Journal of Insect Conservation

, Volume 18, Issue 3, pp 373–384 | Cite as

Scorpion diversity in two different habitats in the Arid Chaco, Argentina

  • Mónica F. NimeEmail author
  • Fernando Casanoves
  • Camilo I. Mattoni


Scorpions are one of the most important taxa of predators in terms of density, biomass, and diversity in various areas of the world. In this study, we compared population- and community-level data between a mature and a secondary forest in the Chancaní Reserve (Córdoba, Argentina). Scorpions were collected using pitfall traps (54 nights per site), and their nocturnal activity was observed by means of UV light (26 nights per site) over 7 months. Seven species of scorpions (1964 individuals) were observed in the study area (Bothriuridae and Buthidae). Brachistosternus ferrugineus composed >74 % of all individuals and was numerically dominant in most months. It was the most common species sampled with UV light method in all months (85.73 % in mature and 81.80 % in secondary forest). Timogenes elegans was the most common species sampled with the pitfall traps method in secondary forest (48.58 %). General sex ratio (males:females) for B. ferrugineus was 1:1.24 and for T. elegans was 1:0.53. The Shannon index was not significantly different between sites. Species richness was similar, and the Jaccard index was Cs = 0.86, indicating that both sites share 86 % of the species. Tityus confluens was the only species not shared between sites. Our results indicate that species composition in regenerating forest resembles that of primary forest after c. 15 years, but the relative abundances of these species differ.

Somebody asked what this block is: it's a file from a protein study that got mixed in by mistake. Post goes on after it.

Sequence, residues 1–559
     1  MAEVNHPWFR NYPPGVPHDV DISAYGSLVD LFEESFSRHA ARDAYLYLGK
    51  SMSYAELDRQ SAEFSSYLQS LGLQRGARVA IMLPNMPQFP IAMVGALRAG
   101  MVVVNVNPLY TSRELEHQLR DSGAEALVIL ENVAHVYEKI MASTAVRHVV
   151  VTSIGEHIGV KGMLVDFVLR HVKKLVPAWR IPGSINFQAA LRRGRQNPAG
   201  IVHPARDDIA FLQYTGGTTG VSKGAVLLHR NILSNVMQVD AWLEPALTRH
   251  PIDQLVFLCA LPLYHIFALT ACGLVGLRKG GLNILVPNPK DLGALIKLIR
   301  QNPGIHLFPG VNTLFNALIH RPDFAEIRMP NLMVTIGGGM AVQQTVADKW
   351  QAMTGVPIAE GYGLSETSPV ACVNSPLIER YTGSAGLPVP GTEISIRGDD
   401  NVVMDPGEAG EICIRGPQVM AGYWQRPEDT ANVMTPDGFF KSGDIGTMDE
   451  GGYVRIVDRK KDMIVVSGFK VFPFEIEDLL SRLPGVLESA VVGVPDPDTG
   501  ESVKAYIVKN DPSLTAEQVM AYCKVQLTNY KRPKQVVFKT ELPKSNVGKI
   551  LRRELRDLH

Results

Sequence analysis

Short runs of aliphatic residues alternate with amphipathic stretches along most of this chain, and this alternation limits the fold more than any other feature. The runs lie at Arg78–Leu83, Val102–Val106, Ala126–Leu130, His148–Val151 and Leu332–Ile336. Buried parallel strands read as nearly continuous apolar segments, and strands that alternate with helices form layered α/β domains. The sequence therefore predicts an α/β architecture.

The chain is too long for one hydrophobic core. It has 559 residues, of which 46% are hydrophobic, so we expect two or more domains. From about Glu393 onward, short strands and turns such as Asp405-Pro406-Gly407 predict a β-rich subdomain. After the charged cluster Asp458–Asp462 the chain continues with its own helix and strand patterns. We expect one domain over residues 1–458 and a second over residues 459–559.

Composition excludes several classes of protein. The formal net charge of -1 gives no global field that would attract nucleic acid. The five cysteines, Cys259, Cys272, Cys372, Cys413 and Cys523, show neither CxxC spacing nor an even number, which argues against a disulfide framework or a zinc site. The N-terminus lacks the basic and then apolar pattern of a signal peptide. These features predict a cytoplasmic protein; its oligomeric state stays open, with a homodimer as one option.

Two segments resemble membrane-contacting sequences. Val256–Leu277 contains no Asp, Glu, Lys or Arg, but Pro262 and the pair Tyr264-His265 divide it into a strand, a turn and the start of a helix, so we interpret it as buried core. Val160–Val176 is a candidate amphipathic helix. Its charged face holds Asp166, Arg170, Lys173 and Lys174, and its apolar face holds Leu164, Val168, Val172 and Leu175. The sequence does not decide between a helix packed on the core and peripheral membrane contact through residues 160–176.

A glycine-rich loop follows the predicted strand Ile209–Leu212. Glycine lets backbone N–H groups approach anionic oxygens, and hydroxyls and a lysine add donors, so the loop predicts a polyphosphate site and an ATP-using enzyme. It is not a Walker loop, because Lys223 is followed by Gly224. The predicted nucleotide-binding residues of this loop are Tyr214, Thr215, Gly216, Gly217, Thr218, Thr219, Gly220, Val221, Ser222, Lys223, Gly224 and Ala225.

Scorpiones Arid Chaco Mature forest Secondary forest Diversity Habitat 



We are grateful to the Secretaría de Ambiente (Gobierno de la Provincia de Córdoba), for allowing access to work in the Chancaní Reserve. We thank José Gonzalez for assisting us in the field and Joss Heywood for help with the English language. We thank the editor and the anonymous reviewer for suggestions to improve the manuscript. This research was supported by a doctoral grant from the Consejo Nacional de Investigaciones Científicas y Técnicas, Argentina (CONICET) to MN. Fieldwork was supported by a Rufford Small Grants Foundation award to MN, and by a SECYT (UNC) grant 214/10 to CIM. CIM is a CONICET researcher.


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Copyright information

© Springer International Publishing Switzerland 2014

Authors and Affiliations

  • Mónica F. Nime
    • 1
    Email author
  • Fernando Casanoves
    • 2
  • Camilo I. Mattoni
    • 1
  1. 1.Laboratorio de Biología Reproductiva y Evolución, Instituto de Diversidad y Ecología Animal (IDEA), CONICETUniversidad Nacional de Córdoba (UNC)CórdobaArgentina
  2. 2.Unidad de Bioestadística del Centro Agronómico Tropical de Investigación y Enseñanza (CATIE)Costa RicaArgentina

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